By Camille DeVaul and the Templeton Historical Society & Museum

For years, travelers along Highway 101 may have noticed a curious sight near an Oak tree — a towering 12-foot tall milk bottle, an iconic symbol of the region’s rich dairy heritage. This bottle, synonymous with the dairy industry that played a pivotal role in the area’s development, can now be seen at its home on Main Street at the Templeton History Museum.

The story behind this colossal milk bottle dates back to 1886 when Vincent Rossi, the grandfather of Ray Rossi, arrived in Ellis Island, New York, from Switzerland. Starting his dairy endeavors where the California Men’s Colony now stands, Vincent eventually established the Crescent Farm in Crocker, later known as Templeton. By 1925, his two sons, Vincent and Gregory, took over the family business.

In the 1930s, Gregory Rossi, as a creative form of advertising, commissioned the construction of the enormous milk bottle. Crafted from chicken wire, stucco, and various materials, it served as a striking roadside advertisement for the Rossi Brothers on Highway 101. Despite changing times and evolving business landscapes, the iconic bottle proudly stood as a landmark for decades.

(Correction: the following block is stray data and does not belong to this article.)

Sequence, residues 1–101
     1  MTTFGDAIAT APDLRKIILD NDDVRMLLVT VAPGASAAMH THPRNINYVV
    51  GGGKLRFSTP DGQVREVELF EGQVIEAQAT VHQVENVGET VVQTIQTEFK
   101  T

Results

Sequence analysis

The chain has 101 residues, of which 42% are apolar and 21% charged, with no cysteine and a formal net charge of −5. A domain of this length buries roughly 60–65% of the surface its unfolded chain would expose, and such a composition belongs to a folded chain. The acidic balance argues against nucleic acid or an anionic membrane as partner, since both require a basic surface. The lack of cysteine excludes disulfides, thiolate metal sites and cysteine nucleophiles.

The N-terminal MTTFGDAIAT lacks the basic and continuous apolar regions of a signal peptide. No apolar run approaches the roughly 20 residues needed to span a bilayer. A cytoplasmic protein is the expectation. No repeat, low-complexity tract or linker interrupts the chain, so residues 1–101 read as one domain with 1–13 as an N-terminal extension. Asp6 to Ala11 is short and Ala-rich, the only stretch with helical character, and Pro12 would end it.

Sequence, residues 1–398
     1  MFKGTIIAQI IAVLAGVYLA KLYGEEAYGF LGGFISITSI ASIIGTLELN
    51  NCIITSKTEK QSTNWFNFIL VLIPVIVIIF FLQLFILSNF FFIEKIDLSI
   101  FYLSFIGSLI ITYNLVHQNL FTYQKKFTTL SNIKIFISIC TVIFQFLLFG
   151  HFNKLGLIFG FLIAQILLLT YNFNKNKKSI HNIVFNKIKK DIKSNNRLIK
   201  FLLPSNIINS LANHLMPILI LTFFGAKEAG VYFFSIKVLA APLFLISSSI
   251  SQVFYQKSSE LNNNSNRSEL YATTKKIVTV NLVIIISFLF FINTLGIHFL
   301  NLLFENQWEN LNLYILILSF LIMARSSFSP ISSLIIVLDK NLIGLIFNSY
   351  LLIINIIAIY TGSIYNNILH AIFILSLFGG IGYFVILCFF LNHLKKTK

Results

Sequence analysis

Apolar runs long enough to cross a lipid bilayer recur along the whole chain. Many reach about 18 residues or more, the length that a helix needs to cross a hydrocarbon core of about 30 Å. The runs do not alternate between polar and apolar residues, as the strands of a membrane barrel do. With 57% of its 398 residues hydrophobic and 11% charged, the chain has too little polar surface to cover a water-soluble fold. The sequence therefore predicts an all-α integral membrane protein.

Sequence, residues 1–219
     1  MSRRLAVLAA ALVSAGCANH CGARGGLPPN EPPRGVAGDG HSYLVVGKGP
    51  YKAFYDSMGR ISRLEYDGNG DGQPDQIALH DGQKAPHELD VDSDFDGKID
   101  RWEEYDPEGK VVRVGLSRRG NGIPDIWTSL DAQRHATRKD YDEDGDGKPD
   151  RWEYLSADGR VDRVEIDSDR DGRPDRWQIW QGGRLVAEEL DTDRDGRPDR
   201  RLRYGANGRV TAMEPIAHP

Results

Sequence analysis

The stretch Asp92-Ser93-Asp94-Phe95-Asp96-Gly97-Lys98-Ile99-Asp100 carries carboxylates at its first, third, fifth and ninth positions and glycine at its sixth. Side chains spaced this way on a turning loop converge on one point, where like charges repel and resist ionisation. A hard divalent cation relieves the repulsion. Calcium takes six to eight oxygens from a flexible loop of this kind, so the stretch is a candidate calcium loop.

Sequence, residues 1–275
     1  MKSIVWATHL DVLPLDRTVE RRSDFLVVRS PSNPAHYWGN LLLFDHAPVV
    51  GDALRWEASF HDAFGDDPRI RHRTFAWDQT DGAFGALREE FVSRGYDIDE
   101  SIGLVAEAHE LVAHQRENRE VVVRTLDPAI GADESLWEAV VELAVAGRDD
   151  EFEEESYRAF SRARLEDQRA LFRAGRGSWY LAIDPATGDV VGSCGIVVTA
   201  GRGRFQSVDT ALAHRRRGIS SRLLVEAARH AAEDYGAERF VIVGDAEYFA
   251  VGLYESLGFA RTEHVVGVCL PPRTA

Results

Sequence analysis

Over five years ago, fourth-generation Templeton resident David Bond initiated the idea to relocate the bottle to the Templeton Historical Museum on Main Street. With the support of Darrell Radford, then the chairman of the Templeton Museum, and Jim Greer, a board member, the plan came to fruition.

In 2018, and with the help of many, the milk bottle carefully made its way to Main Street. Welcomed by many upon its arrival, the moment was a historical one.

The next phase of the plan was to restore the milk bottle, and with David as a professional sign painter, “Crescent Farm” is back on the bottle.

The 12-foot milk bottle, now prominently displayed in front of the Templeton History Museum on Main Street, serves as a reminder of the town’s agricultural roots and a nostalgic landmark for long-time residents who once witnessed it during their travels through North County. 

The Templeton Museum is located at 309 S. Main St. and is open Friday through Sunday from 1 to 4 p.m. with free admission. The museum offers a glimpse into the history of Templeton.


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